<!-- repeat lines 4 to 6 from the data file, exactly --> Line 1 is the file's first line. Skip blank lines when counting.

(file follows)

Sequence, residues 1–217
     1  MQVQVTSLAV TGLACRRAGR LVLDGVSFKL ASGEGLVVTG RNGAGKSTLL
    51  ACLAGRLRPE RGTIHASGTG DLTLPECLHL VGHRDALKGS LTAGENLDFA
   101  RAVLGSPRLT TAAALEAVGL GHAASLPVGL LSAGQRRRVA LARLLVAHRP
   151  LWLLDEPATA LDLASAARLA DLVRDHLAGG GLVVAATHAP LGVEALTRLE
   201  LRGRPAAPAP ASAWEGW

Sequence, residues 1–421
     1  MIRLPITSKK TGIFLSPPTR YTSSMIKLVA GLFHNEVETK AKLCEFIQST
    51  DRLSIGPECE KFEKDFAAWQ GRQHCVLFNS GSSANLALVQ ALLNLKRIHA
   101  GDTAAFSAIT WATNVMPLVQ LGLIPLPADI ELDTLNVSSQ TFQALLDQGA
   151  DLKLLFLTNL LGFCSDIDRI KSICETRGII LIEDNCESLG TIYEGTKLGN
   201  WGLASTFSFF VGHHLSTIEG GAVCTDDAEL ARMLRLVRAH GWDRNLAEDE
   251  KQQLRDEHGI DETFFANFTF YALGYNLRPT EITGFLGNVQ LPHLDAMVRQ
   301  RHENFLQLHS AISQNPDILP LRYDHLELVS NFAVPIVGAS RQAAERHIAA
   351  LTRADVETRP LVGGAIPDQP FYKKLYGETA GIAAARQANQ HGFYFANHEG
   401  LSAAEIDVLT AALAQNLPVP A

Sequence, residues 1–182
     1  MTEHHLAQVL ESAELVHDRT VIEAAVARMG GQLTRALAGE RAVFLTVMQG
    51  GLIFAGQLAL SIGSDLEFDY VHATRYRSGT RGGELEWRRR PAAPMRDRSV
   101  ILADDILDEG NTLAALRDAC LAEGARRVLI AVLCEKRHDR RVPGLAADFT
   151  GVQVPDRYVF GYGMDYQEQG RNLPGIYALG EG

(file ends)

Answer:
   101  RAVLGSPRLT TAAALEAVGL GHAASLPVGL LSAGQRRRVA LARLLVAHRP
   151  LWLLDEPATA LDLASAARLA DLVRDHLAGG GLVVAATHAP LGVEALTRLE
   201  LRGRPAAPAP ASAWEGW